Taking responsibility for the care of your own diabetes may free you from habits that have been with you for many years. It also requires the establishment of new habits, such as exercise and blood sugar self-monitoring, that are easier to abandon than to follow.
Once your blood sugars have become controlled, it may only take a few months for you conveniently to forget about the pain you used to have in your toes, or the parent or friend who lost a leg or vision due to complications of diabetes, and so on. As time goes on, you will find that with diabetes, as with life in general, you will gradually tend to do what is easiest or most enjoyable at the moment. This backsliding is quite common. When I haven’t seen a patient for six months, I’ll usually take a meal history and find that some of the basic dietary guidelines have been forgotten. Concurrently blood sugar profiles, glycosylated hemoglobin levels, lipid profiles, and even fibrinogen levels may have deteriorated. Such deterioration can be short-circuited when I see patients every two months. We all need a little nudge to get back on track, and it seems that a time frame of about two months does the trick for most of us. I was not the first diabetologist to observe
this, and your physician may likewise want you to visit him at similar intervals.
Dosage requirements for insulin or ISAs(insulin sensitizing agents) may change over time, whether due to weight changes, to deterioration or improvement of beta cell output, or just to seasonal temperature changes. So there’s an ongoing need for readjustment of these medications. Again, two month intervals are appropriate.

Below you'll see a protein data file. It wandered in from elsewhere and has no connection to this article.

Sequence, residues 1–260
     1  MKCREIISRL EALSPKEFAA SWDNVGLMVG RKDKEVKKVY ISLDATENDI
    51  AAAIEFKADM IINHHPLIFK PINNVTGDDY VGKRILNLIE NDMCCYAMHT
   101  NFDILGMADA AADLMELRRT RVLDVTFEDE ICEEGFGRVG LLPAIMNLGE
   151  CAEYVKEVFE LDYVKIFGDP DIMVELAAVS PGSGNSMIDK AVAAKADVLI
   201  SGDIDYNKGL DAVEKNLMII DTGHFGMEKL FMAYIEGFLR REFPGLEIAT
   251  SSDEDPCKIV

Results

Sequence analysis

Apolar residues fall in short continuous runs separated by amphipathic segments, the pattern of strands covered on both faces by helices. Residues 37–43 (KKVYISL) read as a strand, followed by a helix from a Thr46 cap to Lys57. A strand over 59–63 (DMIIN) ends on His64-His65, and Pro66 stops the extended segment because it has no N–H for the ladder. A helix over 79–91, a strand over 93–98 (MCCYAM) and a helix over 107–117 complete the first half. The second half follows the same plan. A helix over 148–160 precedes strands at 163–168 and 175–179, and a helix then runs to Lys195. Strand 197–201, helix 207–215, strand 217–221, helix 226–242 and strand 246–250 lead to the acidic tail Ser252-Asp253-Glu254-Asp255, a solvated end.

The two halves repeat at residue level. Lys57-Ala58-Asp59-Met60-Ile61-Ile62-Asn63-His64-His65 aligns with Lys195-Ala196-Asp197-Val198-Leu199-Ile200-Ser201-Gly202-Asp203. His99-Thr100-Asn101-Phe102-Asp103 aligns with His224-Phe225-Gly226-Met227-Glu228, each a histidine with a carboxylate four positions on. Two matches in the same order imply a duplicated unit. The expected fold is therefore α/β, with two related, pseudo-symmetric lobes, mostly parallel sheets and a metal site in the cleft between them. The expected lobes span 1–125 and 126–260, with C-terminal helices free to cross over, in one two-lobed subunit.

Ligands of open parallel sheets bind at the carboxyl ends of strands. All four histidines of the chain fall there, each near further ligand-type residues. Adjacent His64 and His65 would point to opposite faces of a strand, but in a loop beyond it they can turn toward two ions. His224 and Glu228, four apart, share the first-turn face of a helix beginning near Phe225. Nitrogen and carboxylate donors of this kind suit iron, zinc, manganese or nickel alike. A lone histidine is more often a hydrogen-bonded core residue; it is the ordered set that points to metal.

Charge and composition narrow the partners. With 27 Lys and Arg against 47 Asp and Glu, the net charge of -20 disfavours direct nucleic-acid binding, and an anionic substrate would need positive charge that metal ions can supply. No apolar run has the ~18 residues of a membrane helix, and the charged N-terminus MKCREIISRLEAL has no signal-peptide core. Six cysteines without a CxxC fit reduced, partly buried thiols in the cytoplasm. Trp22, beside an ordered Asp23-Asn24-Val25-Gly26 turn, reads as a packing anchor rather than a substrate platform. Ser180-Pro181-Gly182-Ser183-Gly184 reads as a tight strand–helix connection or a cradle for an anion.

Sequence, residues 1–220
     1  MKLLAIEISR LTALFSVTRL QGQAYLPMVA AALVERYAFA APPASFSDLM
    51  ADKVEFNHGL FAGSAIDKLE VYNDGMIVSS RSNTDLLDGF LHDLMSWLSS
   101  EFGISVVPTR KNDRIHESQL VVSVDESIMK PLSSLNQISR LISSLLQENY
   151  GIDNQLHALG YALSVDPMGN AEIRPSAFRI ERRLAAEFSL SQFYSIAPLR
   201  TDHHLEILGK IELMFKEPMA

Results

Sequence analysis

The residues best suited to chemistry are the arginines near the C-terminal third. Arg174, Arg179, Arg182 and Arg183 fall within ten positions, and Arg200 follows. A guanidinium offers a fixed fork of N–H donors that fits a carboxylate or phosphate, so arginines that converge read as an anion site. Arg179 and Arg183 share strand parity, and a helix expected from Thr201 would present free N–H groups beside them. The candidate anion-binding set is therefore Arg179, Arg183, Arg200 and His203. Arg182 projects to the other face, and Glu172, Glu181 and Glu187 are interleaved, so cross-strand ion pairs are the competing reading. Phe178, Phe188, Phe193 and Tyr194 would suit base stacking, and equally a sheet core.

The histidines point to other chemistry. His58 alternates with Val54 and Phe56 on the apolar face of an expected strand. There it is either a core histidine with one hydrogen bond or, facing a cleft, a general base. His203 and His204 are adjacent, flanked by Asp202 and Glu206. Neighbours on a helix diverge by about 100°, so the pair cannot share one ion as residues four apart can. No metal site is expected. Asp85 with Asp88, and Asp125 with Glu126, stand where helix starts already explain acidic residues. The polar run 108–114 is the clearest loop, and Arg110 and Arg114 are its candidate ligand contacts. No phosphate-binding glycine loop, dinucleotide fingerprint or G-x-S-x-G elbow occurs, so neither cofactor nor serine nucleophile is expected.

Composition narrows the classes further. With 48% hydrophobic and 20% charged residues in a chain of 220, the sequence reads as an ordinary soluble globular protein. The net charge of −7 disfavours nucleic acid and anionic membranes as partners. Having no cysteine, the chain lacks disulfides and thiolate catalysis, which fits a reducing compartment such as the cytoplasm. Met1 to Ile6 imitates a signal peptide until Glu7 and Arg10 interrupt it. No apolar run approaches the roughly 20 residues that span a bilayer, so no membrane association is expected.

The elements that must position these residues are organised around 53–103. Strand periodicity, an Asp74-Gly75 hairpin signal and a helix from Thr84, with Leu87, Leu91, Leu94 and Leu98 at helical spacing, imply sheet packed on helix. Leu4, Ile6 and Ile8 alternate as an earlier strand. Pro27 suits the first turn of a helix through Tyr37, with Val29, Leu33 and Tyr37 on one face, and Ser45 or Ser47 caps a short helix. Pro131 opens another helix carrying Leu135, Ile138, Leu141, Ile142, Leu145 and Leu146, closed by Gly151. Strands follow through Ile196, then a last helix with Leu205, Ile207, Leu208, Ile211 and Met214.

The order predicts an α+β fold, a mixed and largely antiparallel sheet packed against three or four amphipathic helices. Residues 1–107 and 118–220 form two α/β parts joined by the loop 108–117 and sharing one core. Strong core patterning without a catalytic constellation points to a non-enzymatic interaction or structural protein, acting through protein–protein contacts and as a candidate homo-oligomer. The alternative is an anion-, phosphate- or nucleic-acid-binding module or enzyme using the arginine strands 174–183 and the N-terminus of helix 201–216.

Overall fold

What are some of the things that your physician may want to consider at these follow-up visits?
First of all, your doctor should try to answer any new questions that you may have. These may cover a host of subjects, from something you read in the newspaper to new physical complaints or dissatisfaction with your diet. Write down your questions in advance, so that you won’t forget them. Your physician will, of course, want to review your blood sugar data sheets covering a period of at least two weeks. It makes no sense for your doctor to review prior data, as that is old history. If he or she wants to adjust your medications or meal plan, the changes should be based upon current information. Remember, however, that the data must be complete and honest. This means, for example, that if you spent a few hours shopping or overate, it should be noted on your data sheet. It doesn’t make sense, and can be dangerous, for your doctor to change your medications based upon high blood sugars caused by a few unrecorded dietary indiscretions.
Your physician will also want to draw some blood. At each visit your HgbA1C (glycated hemoglobin) should be checked. You need not be fasting for this test. Up-to-date physicians are now performing this test in the office using a small drop of finger-stick blood. Results can be had in about 6 minutes. At least once annually, a complete lipid profile including LDL sub-particles should be performed, and fibrinogen levels should be checked; C-reactive protein also should be measured. Kidney function studies including crystatin-c should also be performed. You’ll recall that these require a 24-hour urine collection, which must be completed on the day of the visit (see Chapter 2). Remember that the “normal values” for lipid profiles are based upon fasting determinations. So if your physician has planned such tests, try to book an early-morning appointment, and don’t eat breakfast. If you skip breakfast, be sure also to skip your preprandial insulin or ISA if you usually use these medications to cover breakfast. Do not omit glucose tablets or Humalog (lispro) needed to correct low or elevated blood sugars. Also remember to take your basal dose of ISA or long acting insulin, as their purpose is merely to hold blood sugar level while fasting. Your physician may also want to perform other blood tests from time to time, such as a blood count and a chemical profile. If you are taking a statin drug for elevated levels of small dense LDL, liver function tests should be performed.